One type of ACCA-qualifying offense is a “violent felony,” relevantly defined as “any crime punishable by imprisonment for a term exceeding one year” that “has as an element the use, attempted use, or threatened use of physical force against the person of another.”3 18 U.S.C. § 924(e)(2)(B)(i). The phrase “physical force” means “force capable of causing physical pain or injury to another person.” Johnson v. United States (“Johnson I“), 559 U.S. 133, 140 (2010).
The other type of ACCA-qualifying offense is a “serious drug offense,” pertinently defined as “an offense under State law, involving manufacturing, distributing, or possessing with intent to manufacture or distribute, a controlled substance ․ , for which a maximum term of imprisonment of ten years or more is prescribed by law.”4 18 U.S.C. § 924(e)(2)(A)(ii). The word “involving” helps ACCA “capture[ ] more offenses than just those that 'are in fact' the manufacture, distribution, or possession of, with intent to distribute, a controlled substance” — i.e., thanks to “involving,” the statute captures “'offenses that are related to or connected with such conduct”' as well. See United States v. McKenney, 450 F.3d 39, 42, 43-44 (1st Cir. 2006) (quoting United States v. King, 325 F.3d 110, 113 (2d Cir. 2003)); see also Whindleton, 797 F.3d at 109.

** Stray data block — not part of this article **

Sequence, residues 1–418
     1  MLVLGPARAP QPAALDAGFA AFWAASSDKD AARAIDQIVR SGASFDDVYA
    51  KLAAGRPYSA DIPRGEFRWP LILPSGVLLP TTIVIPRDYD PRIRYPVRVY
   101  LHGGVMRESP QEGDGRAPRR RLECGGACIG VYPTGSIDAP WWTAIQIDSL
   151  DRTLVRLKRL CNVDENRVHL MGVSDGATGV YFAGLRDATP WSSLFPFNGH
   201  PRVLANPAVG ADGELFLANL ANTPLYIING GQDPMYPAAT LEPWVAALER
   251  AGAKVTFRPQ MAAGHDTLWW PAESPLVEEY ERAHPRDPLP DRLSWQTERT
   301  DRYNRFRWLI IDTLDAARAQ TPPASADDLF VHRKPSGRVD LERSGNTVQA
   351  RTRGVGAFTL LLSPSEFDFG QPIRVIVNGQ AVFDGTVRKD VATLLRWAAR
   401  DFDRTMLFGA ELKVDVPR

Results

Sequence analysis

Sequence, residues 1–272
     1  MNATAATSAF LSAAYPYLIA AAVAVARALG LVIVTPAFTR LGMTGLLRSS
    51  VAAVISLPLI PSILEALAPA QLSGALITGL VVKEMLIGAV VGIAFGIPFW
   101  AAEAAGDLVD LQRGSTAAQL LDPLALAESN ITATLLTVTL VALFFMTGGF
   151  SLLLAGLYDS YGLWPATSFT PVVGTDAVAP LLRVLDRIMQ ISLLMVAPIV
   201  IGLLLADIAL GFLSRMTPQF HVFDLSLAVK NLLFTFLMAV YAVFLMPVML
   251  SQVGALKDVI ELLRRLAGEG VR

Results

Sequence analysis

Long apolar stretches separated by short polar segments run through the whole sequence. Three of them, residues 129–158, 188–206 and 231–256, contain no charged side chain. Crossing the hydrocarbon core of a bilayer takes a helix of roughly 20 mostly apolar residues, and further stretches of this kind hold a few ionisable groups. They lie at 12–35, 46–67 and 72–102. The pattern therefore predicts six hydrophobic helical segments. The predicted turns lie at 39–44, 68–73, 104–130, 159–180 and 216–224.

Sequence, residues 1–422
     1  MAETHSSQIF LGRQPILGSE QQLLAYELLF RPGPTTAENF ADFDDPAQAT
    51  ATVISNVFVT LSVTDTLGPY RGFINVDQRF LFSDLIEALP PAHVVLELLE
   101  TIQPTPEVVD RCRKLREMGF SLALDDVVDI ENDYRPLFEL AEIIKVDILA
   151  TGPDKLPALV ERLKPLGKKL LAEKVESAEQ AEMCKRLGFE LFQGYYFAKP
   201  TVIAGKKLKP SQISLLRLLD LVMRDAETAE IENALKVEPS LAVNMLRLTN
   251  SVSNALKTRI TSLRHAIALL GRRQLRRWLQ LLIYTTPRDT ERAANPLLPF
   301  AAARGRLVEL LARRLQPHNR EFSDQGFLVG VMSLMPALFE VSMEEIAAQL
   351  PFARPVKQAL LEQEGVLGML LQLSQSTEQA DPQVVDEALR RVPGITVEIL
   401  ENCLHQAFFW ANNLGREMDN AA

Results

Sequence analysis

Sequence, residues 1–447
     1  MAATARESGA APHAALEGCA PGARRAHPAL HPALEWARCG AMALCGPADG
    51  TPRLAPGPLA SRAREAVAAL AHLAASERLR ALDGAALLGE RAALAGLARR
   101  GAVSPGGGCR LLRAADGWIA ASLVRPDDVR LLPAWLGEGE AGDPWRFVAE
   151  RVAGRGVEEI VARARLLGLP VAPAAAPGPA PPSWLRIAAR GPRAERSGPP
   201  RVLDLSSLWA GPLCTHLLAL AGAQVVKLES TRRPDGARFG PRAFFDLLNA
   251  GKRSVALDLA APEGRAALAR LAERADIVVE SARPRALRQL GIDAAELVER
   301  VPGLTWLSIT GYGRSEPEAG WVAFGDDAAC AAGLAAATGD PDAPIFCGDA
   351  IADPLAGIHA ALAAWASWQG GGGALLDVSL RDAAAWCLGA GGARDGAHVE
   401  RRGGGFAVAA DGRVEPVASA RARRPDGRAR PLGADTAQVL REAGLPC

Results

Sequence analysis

Our judicial superiors have devised two ways for deciding whether a defendant's prior conviction satisfies ACCA — the categorical approach and the modified-categorical approach. Bear with us, because explaining these approaches is no walk in the park.